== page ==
Find traps is worthless unless you're a rogue or other class that uses search as a class skill.  Put it in a wand and it's even more worthless since at level three, that +1 bonus to your search is really going to find some traps!!! :rolleyes.

Knock is a good way to get killed or hurt.  Silence is a great way to reveal your presense to everything within 30 feet of you.  Invisibility is useless once you hit 7th level.  Far too many things have scent, tremor sense, blind sense, blind sight, see invisibility, skill tricks and true seeing for it to be a reliable way to sneak around.

Detect secret doors was a good one, but one spell does not replace the rogue.
Detect secret doors was a good one, but one spell does not replace the rogue.



There are a lot of reasons why this post is wrong in regards to 3.5, but I'm not going to crack my 3.5 books just to point out why.

If you have a 3.5 "batman" caster in your group, you don't need a rogue. If you don't believe this by this point, no amount of logic or sense will convince you of this. If you are unaware of this, then you are either very lucky, very unobservant, or have never played 3.5 with an experienced group.

Supporting an edition you like does not make you an edition warrior. Demanding that everybody else support your edition makes you an edition warrior.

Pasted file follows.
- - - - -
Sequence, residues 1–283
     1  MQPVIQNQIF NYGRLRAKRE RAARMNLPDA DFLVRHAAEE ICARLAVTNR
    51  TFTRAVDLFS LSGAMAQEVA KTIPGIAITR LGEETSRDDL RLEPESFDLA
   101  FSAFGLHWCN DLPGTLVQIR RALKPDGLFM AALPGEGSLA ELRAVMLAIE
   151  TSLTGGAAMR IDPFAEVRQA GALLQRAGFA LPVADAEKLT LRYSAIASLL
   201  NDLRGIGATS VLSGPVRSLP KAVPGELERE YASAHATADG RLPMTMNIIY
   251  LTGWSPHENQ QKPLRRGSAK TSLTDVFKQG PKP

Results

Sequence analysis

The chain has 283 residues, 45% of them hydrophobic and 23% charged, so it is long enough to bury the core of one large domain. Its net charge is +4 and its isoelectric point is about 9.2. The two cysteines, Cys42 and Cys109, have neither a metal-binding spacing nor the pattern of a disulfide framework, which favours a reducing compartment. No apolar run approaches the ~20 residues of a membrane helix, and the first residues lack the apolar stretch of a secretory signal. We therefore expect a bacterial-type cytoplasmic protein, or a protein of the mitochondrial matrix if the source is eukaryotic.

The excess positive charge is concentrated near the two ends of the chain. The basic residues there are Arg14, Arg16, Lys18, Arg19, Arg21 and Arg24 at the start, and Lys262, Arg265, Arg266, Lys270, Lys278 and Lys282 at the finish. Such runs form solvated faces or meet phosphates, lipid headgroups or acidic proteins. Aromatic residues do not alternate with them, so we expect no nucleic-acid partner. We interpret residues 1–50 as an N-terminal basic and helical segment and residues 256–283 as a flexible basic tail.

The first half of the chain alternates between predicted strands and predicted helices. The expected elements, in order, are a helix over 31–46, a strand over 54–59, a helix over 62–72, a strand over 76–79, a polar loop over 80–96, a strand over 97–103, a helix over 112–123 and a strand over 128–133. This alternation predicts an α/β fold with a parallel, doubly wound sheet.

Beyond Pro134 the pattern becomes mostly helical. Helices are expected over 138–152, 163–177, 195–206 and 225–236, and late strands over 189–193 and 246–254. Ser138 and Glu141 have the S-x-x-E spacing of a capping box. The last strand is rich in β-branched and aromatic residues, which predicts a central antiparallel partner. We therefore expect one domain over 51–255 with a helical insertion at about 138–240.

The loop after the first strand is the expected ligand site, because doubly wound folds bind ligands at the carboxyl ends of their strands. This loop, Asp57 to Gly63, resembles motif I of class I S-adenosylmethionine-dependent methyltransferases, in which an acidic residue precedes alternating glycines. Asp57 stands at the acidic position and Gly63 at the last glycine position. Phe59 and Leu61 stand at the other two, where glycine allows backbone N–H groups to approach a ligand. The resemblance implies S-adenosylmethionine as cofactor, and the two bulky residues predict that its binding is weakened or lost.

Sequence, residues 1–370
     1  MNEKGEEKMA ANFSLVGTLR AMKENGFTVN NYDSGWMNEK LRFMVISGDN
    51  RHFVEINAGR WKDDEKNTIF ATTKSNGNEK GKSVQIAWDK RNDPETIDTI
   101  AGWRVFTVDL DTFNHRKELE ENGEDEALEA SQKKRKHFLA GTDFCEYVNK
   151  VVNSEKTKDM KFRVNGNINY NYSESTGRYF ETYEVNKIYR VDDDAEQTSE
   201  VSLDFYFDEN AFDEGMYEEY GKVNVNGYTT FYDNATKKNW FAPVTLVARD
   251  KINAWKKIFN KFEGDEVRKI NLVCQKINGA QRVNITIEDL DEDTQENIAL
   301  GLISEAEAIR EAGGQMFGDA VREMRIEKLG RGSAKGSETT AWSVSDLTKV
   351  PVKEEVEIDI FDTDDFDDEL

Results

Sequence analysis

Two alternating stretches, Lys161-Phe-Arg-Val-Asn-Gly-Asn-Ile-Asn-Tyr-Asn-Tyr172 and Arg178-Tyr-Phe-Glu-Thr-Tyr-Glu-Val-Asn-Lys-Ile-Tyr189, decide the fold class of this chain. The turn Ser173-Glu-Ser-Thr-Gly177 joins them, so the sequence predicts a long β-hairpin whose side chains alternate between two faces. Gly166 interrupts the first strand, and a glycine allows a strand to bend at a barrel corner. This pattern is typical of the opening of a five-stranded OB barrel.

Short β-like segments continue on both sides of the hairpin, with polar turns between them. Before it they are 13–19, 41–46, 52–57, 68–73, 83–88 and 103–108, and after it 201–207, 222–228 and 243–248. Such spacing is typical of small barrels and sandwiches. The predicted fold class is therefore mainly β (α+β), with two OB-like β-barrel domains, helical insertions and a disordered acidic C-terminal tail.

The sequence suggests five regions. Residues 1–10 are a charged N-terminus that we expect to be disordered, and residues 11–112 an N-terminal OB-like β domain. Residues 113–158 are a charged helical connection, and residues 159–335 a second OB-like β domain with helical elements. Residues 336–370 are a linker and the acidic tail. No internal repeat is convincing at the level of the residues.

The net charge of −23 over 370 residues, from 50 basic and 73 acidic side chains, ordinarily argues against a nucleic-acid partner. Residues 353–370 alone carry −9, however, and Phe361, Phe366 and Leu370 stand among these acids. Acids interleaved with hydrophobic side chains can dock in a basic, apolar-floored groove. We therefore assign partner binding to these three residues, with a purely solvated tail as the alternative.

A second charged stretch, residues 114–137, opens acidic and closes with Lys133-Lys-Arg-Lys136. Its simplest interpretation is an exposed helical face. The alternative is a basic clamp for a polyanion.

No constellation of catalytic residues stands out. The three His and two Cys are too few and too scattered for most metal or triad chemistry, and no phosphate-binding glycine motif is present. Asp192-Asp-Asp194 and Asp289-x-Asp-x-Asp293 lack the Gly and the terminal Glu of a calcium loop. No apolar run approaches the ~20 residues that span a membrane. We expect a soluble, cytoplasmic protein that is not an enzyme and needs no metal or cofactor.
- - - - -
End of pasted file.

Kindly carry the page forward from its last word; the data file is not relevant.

Why do I like 13th Age? Because I like D&D: http://magbonch.wordpress.com/2013/10/16/first-impressions-13th-age/

AzoriusGuildmage- "I think that you simply spent so long playing it, especially in your formative years with the hobby, that you've long since rationalized or houseruled away its oddities, and set it in your mind as the standard for what is and isn't reasonable in an rpg."

Detect secret doors was a good one, but one spell does not replace the rogue.



There are a lot of reasons why this post is wrong in regards to 3.5, but I'm not going to crack my 3.5 books just to point out why.

If you have a 3.5 "batman" caster in your group, you don't need a rogue. If you don't believe this by this point, no amount of logic or sense will convince you of this. If you are unaware of this, then you are either very lucky, very unobservant, or have never played 3.5 with an experienced group.

Yes, any experienced wizard keeps open slots.

If you think my english is bad, just wait until you see my spanish and my italian. Defiling languages is an art.

Being able to climb and unlock doors 24/7 only matters if you're running through The Temple of Impossibly Steep Walls and Thousands of Locked Doors.

Because yeah, the Wizard can only Levitate as many times as he prepared it(Wand of Knock gives you enough Knocks to last for almost an entire campaign) and the Rogue can climb 24/7, but really, how often do you actually need to climb things? As long as that number is less than 1-2 between extended rests, the Wizard is going to always beat out the Rogue at it.
Does anyone have any thoughts on how to address this? Or am I worried too much about something that probably isn't really that big a deal?



I think it's probably this, to be honest.  Yes, a wizard can spend a spell slot on Knock, but why would you do that if you have a rogue with you?